One thing Shakespeare has in common with comic book characters: at big moments of realization, a light bulb seems to go on over the person’s head. On the stage this takes place more subtly, light bulbs being singularly lacking in Shakespeare’s world. Nevertheless the moment is made immaculately clear through the actor’s capacity to demonstrate precisely what is happening in her head and body in that moment as she realizes that the world she believed in and thought she inhabited no longer exists. If we are in a tragedy, she recognizes that the old world never existed. With good actors onstage, it’s like watching an emotional earthquake.
The most powerful and heart-rending of these moments comes near the end of Othello, when Emilia, Desdemona’s friend and ally, realizes that her beloved husband Iago is the cause of all the misery and misfortune that is killing them all. Furthermore, she realizes that she has played an inadvertent part in the tragedy by following Iago’s request to steal Desdemona’s handkerchief. It has all been a plot by Iago to destroy Othello and this is finally revealed to everyone onstage, including Emilia. (We in the audience already know that, having been seduced into becoming Iago’s confidants early in the play.)
Emilia keeps repeating the words, “My husband?” as she makes an incomprehensibly swift journey from knowing absolutely that Iago, her dear husband, is honest and totally trustworthy, to realizing that in fact he is a quintessential villain. Each step on her journey is punctuated by the words, “My husband?” She says it in response to Othello’s pronouncements that her husband, “honest, honest Iago,” is the one who has convinced him of Desdemona’s adultery, and driven him to kill her. After each of Othello’s statements, she repeats the phrase, “My husband?” four times in all. Watching her come to full awareness is to watch first the emotional earthquake caused by such a revelation, and then to see a tsunami begin to build, as she shows heartbreak, plus guilt, plus awareness of betrayal, plus recognition of supreme cruelty on the part of someone she has trusted with her life. She finally bursts forth with the words, “Villainy, villainy, villainy!” knowing she has to persuade everyone of Desdemona’s innocence.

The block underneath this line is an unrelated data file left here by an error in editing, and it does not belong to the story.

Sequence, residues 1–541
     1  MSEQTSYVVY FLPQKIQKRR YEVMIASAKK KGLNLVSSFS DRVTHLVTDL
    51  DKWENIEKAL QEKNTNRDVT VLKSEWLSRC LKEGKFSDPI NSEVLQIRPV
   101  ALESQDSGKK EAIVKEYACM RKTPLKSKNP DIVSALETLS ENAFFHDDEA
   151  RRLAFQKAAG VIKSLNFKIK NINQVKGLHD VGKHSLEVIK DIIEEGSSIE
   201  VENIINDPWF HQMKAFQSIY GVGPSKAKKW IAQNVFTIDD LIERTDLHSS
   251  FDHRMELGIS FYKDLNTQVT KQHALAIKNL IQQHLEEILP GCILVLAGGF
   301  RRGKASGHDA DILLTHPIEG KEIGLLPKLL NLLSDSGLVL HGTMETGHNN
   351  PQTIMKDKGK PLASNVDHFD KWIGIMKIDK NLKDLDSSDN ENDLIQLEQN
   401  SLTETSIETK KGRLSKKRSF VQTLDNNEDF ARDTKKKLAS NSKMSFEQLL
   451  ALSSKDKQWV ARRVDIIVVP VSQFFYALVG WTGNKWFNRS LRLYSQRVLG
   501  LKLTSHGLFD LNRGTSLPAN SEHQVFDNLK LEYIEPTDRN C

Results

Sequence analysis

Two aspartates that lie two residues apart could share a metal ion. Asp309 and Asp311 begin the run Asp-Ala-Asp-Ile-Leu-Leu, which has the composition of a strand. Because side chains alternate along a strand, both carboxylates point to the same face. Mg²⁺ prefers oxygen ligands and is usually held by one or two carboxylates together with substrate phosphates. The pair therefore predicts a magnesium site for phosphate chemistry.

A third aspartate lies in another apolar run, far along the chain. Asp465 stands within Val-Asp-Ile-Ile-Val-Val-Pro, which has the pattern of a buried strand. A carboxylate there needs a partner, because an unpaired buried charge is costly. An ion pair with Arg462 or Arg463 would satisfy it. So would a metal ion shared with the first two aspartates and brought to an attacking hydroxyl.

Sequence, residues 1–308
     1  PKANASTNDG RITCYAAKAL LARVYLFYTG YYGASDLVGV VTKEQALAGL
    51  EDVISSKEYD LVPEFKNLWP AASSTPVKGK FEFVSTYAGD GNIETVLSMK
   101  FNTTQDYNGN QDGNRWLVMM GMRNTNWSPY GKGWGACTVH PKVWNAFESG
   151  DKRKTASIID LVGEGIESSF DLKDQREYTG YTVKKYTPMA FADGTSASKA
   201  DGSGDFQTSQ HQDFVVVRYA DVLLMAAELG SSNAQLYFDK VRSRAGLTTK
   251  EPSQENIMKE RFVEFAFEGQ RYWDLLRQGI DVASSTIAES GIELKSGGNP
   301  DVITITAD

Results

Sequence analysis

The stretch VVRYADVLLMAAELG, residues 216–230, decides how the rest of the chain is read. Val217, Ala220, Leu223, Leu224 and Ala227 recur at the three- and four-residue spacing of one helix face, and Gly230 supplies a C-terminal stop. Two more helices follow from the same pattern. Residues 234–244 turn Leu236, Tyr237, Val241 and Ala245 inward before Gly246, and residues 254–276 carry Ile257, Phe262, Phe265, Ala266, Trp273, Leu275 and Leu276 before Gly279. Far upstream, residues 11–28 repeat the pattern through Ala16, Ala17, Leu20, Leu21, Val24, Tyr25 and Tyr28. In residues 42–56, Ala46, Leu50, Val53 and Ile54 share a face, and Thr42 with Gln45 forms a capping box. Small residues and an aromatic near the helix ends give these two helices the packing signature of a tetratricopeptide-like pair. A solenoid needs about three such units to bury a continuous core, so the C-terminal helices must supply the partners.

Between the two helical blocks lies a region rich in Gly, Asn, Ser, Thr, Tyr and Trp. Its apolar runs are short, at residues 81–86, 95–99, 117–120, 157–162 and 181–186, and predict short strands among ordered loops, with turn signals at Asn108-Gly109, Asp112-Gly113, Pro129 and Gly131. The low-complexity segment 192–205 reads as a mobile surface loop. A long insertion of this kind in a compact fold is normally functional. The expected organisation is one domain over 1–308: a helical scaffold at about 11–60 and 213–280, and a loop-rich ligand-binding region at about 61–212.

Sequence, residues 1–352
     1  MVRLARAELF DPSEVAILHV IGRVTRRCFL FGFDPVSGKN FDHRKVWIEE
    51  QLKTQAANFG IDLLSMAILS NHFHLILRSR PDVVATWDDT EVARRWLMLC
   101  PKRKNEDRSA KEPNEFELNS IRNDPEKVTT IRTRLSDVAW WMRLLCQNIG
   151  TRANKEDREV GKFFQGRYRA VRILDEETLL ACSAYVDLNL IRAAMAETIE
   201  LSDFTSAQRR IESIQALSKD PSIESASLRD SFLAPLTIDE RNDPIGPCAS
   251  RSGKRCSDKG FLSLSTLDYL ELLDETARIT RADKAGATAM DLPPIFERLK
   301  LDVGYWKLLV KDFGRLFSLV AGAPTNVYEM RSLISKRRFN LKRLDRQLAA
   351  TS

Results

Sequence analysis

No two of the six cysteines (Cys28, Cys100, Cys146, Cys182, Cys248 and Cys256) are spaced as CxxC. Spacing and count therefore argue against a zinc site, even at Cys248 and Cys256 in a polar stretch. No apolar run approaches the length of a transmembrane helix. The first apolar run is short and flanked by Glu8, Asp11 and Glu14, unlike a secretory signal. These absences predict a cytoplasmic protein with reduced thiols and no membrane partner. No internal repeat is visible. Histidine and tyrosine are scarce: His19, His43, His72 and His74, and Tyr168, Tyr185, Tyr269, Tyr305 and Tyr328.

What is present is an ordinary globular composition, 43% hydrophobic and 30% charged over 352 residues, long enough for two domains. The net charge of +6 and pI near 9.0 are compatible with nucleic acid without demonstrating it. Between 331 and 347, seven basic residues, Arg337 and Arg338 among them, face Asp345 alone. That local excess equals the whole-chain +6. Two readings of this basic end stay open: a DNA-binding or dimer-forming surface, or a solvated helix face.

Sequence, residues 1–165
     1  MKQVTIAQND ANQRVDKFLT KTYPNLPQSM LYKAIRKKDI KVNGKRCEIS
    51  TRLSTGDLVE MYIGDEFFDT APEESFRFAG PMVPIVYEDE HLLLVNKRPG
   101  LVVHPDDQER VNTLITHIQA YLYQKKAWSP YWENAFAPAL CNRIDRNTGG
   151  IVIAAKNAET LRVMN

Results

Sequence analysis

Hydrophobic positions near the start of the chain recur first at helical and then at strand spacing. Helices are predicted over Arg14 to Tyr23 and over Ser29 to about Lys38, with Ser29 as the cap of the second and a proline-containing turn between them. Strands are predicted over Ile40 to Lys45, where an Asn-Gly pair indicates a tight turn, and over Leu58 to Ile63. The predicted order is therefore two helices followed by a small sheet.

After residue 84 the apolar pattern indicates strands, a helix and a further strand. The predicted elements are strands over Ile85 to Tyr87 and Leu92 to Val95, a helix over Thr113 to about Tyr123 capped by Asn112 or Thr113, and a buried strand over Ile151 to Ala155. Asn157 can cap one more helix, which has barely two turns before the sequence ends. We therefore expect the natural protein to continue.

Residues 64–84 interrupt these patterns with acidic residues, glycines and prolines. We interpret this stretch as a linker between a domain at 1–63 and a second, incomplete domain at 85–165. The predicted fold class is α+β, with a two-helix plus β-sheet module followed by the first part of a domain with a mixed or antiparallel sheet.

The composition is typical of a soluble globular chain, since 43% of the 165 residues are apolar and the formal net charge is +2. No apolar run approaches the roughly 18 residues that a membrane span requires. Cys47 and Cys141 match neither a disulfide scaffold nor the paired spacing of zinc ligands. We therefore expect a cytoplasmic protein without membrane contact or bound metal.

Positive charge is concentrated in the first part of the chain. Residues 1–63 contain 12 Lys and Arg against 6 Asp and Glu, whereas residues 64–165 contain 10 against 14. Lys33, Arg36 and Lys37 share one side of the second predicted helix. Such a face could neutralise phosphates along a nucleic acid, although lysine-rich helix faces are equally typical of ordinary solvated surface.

She cannot contain herself until she has made Othello realize fully that his accusations, indeed his murder, of Desdemona are based on lies fed by Iago, who stands onstage with her, threatening her life as she shouts the truth. Her final words come after Iago stabs her for speaking. So we have a triple realization happening at once: Emilia is living her own tumbling heartbreak; she is announcing the truth to Othello; he immediately goes through an explosive and desperate protestation of that truth, and then finally sees what deadly mistakes he has made. At the same time the attending visitors and soldiers, who have been called into action by her agonizing cries, are also realizing the truth of this concatenation of terrible events. All this dynamic action is driven by Emilia. It is a fiercely dramatic scene, and a glorious moment for an actor.
Every time I see Othello, I look to Emilia’s revelation as the moment in the play that will at least bring the fiery sword of truth to the web of lies and evil spun by her husband to entrap and destroy Othello. And each time, in retrospect, I am reminded of those times in life – most of them thankfully so much tamer than these portrayed onstage – those moments of revelation, realization, recognition that shake us so that they seem to shatter the world into pieces. When that world reassembles, it is no longer the same. Sometimes all we have left is the truth. And it has to be enough. Emilia dies for speaking the truth; for her it’s worth it. I do love her for that.